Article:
The law of addition

By Alicia Rollo, CHRL, Director of Education and International Affairs at the CIA

The law of addition in mathematics says that it doesn’t matter which order a set of numbers is added in – the result will be the same. The law of addition in leadership, however, says that for every addition you make, the results are multiplied. Leadership “law” also says that subtraction leads to division. That’s the new leadership math.

My parents spent their 60 years of marriage following the law of addition. They added value to 10 children and their grandchildren and great-grandchildren. They contributed to their church and community, bringing their music to people in care facilities and participating in community events to raise money for various causes. They volunteered when they had no time, gave when they had little and expected nothing in return. I’ve always found their generosity and energy to be a very high bar and openly admit that I’ll never live up to it. I feel a little selfish by comparison, but as I’ve matured, I’ve realized that we can’t emulate others when it comes to the law of addition and leadership, and in life in general. We must each find our own way of adding value and leading in a way that’s genuine to us.

I think John Maxwell’s The 21 Irrefutable Laws of Leadership should be essential in every library, whether you consider yourself a leader, aspire to be one or simply want to leave a more positive impact on the lives of those around you. All 21 rules are worth integrating into daily work and life, but I particularly like number five: the law of addition. I thank all the people in my work and family life who have added to my potential – who make me a better person and hopefully a better leader – so I want to pay the principles forward.

I thought that actuaries might also appreciate the law of addition, not just for the mathematical reference but also because I think it speaks to a significant attribute of the profession. Adding value is at the core of what actuaries do. They’re strong technical experts with a core foundation in mathematics, risk management and analytical thinking. Layer on the application of professional judgement, independence of thought and action, and above all, the implicit bargain that being a professional brings – to do good for the benefit of society, to serve the public interest – and I think that’s an exponential value offering that every organization should leverage.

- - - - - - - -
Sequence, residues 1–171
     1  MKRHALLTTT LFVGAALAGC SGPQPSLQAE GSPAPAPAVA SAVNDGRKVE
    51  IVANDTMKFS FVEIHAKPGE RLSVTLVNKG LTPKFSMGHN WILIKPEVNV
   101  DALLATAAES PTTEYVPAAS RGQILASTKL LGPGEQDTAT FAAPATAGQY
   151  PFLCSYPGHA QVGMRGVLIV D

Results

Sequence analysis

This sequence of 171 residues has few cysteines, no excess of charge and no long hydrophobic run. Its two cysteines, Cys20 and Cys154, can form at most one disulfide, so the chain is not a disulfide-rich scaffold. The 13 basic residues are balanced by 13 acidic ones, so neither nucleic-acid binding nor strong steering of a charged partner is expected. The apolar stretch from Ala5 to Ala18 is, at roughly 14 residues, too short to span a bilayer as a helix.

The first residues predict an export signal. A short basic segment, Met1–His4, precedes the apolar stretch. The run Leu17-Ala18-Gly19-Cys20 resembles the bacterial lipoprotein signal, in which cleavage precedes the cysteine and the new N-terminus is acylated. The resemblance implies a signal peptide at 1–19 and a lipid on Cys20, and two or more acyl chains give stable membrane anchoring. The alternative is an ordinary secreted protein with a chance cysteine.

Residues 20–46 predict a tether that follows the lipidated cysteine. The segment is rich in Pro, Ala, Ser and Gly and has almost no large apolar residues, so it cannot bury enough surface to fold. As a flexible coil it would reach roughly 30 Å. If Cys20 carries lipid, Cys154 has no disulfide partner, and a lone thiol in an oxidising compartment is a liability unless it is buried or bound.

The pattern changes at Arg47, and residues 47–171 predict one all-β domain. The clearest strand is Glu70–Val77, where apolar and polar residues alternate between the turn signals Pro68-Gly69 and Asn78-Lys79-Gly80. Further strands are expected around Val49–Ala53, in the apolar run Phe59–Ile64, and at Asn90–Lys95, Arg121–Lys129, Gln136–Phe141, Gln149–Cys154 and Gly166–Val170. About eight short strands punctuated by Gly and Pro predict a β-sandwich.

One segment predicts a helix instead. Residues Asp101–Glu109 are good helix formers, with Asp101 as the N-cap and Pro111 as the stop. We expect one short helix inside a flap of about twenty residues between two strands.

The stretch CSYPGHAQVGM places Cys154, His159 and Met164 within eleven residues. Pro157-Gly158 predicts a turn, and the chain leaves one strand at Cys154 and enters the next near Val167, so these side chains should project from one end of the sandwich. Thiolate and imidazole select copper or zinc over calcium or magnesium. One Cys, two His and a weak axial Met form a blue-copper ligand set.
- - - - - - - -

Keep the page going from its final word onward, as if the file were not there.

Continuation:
Well-rounded actuaries offer great insight and help their organizations make good business decisions that are founded on professional training. Their value increases exponentially when they also hone their professional communication and leadership skills, making opportunities quite endless. The CIA’s new education system – for which I can’t help putting in a plug – is rolling out over the next three years. It aims to give every new actuary access to this invaluable toolkit while maintaining a strong technical foundation. We want the next generations of actuaries to have even greater opportunities to add and multiply the value they bring.

But back to the law of addition and leadership development. The bottom line, according to Maxwell, is not how far we advance ourselves, but how far we advance others. His view is that every relationship we have either adds or subtracts. He asks us to consider whether we’re making things better for the people who follow or work with us. If not, we might be subtractors and not even know it. Maxwell also says that if we don’t change our approach, this subtraction will eventually lead to division. So, think about why you lead, or why you might want to lead. Is it a desire for positional power, or is it to make a difference?

Addition must be done intentionally. We must push ourselves out of our comfort zones, intentionally seeking to ensure that we’re valuing others and that we understand what they value, and then we can apply the law of addition. The success will compound.

Alicia Rollo is a strategic leader in the non-profit association management industry who emphasizes serving the public interest. She utilizes her skills in human resources, association management, education, professional development and international relationship building for the benefit of the CIA and its members and is currently playing a leading role in the transformation of the actuarial education system in Canada.

This article reflects the opinion of the author and does not represent an official statement of the CIA.

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